Genetic and microbial factors modulating the ubiquitin proteasome system in inflammatory bowel disease

Isabelle Cleynen, Emilie Vazeille, Marta Artieda, Hein W. Verspaget, Magdalena Szczypiorska, Marie Agnès Bringer, P. Lakatos, Frank Seibold, Kirstie Parnell, Rinse K. Weersma, Jestinah M. Mahachie John, Rebecca Morgan-Walsh, Dominiek Staelens, Ingrid Arijs, Gert De Hertogh, Stefan Müller, A. Tordai, Daniel W. Hommes, Tariq Ahmad, Cisca WijmengaSylvia Pender, Paul Rutgeerts, Kristel Van Steen, Daniel Lottaz, Severine Vermeire, Arlette Darfeuille-Michaud

Research output: Contribution to journalArticle

33 Citations (Scopus)

Abstract

Objective Altered microbiota composition, changes in immune responses and impaired intestinal barrier functions are observed in IBD. Most of these features are controlled by proteases and their inhibitors to maintain gut homeostasis. Unrestrained or excessive proteolysis can lead to pathological gastrointestinal conditions. The aim was to validate the identified protease IBD candidates from a previously performed systematic review through a genetic association study and functional follow-up. Design We performed a genetic association study in a large multicentre cohort of patients with Crohn's disease (CD) and UC from five European IBD referral centres in a total of 2320 CD patients, 2112 UC patients and 1796 healthy controls. Subsequently, we did an extensive functional assessment of the candidate genes to explore their causality in IBD pathogenesis. Results Ten single nucleotide polymorphisms (SNPs) in four genes were significantly associated with CD: CYLD, USP40, APEH and USP3. CYLD was the most significant gene with the intronically located rs12324931 the strongest associated SNP (pFDR=1.74e-17, OR=2.24 (1.83 to 2.74)). Five SNPs in four genes were significantly associated with UC: USP40, APEH, DAG1 and USP3. CYLD, as well as some of the other associated genes, is part of the ubiquitin proteasome system (UPS). We therefore determined if the IBD- Associated adherentinvasive Escherichia coli (AIEC) can modulate the UPS functioning. Infection of intestinal epithelial cells with the AIEC LF82 reference strain modulated the UPS turnover by reducing poly-ubiquitin conjugate accumulation, increasing 26S proteasome activities and decreasing protein levels of the NF-κB regulator CYLD. This resulted in IκB-α degradation and NF-κB activation. This activity was very important for the pathogenicity of AIEC since decreased CYLD resulted in increased ability of AIEC LF82 to replicate intracellularly. Conclusions Our results reveal the UPS, and CYLD specifically, as an important contributor to IBD pathogenesis, which is favoured by both genetic and microbial factors.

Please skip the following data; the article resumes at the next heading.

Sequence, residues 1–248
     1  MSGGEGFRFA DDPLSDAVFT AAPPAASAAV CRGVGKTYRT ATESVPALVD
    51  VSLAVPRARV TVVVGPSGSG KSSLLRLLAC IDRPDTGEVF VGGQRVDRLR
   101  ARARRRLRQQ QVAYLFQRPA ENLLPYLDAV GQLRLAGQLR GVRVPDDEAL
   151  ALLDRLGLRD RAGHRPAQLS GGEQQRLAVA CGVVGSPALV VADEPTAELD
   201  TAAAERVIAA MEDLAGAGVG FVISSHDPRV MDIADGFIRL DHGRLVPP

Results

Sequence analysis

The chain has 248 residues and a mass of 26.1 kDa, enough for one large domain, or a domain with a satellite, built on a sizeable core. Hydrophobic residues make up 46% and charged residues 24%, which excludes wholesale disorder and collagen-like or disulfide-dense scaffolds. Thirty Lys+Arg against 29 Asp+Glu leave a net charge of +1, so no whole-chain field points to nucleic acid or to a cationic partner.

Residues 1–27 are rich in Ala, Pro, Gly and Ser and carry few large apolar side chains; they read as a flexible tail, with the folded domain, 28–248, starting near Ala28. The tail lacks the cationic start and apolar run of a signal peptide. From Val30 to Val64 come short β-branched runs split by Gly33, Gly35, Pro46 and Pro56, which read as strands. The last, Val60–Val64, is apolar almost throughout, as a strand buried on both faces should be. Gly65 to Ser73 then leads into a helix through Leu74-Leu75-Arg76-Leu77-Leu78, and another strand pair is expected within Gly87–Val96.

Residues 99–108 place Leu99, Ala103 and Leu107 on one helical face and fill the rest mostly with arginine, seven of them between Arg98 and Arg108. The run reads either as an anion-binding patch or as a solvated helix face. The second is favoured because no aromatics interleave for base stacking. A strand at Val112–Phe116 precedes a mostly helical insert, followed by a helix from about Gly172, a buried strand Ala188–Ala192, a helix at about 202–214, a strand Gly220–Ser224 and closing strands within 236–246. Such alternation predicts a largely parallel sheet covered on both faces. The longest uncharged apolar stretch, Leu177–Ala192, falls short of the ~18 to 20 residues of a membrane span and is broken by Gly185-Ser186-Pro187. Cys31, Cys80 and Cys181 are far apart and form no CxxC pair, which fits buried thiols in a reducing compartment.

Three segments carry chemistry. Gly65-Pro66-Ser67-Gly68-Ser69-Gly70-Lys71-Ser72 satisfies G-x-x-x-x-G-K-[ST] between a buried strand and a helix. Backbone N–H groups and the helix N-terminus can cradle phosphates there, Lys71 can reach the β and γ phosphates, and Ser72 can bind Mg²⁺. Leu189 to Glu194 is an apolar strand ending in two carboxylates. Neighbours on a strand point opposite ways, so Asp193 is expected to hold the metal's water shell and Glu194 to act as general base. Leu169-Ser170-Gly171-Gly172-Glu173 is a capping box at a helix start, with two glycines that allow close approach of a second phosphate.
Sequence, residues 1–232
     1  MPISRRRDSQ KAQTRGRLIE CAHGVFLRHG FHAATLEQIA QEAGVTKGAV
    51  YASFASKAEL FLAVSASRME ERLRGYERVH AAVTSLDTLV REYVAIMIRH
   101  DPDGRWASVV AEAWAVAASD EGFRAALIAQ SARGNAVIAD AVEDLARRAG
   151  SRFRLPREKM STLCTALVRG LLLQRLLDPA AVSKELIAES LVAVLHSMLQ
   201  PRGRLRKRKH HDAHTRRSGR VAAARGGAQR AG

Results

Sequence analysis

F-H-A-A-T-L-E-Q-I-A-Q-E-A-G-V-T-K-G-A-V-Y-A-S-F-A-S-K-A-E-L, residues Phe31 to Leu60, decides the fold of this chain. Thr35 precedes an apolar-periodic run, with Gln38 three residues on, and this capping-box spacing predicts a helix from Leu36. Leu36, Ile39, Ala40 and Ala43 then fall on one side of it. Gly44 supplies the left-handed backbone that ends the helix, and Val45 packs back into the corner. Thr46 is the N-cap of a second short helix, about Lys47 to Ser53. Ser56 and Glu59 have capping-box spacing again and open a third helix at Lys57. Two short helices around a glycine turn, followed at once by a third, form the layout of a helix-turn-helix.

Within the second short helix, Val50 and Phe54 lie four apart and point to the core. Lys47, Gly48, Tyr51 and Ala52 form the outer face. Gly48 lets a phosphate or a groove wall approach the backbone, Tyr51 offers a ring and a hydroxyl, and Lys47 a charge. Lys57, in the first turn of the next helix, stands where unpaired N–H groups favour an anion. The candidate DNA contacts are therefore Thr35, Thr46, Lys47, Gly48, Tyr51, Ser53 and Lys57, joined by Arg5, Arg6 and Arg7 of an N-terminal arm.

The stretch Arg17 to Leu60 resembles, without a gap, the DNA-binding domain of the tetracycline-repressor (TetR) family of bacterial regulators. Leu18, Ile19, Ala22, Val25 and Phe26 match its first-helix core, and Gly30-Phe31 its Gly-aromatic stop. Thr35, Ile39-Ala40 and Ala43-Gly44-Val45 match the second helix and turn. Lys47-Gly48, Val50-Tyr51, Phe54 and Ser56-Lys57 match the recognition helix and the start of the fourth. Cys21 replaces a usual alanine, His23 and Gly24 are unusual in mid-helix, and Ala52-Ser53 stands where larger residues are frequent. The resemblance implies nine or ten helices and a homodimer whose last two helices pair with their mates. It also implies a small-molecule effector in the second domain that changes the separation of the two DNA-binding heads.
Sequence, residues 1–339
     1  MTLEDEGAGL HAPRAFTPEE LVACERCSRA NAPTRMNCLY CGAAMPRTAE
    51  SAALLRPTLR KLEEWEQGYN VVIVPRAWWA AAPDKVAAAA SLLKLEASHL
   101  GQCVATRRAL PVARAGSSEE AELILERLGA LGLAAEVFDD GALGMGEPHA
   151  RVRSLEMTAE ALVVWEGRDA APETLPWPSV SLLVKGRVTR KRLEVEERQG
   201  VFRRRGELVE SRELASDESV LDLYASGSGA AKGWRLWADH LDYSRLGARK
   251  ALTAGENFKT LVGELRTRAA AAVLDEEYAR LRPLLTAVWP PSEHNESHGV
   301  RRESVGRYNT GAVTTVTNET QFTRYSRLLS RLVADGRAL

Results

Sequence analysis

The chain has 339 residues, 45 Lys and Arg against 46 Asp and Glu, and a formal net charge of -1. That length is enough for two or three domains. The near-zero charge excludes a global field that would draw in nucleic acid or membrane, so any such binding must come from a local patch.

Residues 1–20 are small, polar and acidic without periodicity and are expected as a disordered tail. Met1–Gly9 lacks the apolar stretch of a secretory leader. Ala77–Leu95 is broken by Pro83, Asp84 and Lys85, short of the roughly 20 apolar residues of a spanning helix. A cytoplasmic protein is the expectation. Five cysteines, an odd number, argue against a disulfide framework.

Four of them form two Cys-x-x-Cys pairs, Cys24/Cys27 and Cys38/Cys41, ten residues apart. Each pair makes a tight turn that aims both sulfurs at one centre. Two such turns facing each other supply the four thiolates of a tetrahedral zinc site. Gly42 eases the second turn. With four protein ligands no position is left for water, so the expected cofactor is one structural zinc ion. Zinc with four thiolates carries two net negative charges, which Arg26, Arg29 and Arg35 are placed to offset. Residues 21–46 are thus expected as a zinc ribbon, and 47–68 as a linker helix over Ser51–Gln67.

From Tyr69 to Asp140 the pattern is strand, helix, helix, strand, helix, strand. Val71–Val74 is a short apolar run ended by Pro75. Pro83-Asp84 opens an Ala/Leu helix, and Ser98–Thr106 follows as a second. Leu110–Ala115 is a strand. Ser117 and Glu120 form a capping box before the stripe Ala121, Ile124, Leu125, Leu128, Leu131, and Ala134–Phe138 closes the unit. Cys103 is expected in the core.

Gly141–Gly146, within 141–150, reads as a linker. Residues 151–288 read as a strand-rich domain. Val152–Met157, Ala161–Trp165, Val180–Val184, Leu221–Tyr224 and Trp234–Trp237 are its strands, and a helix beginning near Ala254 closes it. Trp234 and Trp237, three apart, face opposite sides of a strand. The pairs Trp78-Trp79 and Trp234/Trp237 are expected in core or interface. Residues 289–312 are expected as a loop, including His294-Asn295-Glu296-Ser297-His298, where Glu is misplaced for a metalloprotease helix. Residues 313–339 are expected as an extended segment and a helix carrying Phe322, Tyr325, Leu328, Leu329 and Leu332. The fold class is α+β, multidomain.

Original languageEnglish
Pages (from-to)1265-1274
Number of pages10
JournalGut
Volume63
Issue number8
DOIs
Publication statusPublished - 2014

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Microbial Genetics
Proteasome Endopeptidase Complex
Ubiquitin
Inflammatory Bowel Diseases
Crohn Disease
Escherichia coli
Single Nucleotide Polymorphism
Genes
Genetic Association Studies
Polyubiquitin
Microbiota
Protease Inhibitors
Causality
Proteolysis
Virulence
Homeostasis
Peptide Hydrolases
Referral and Consultation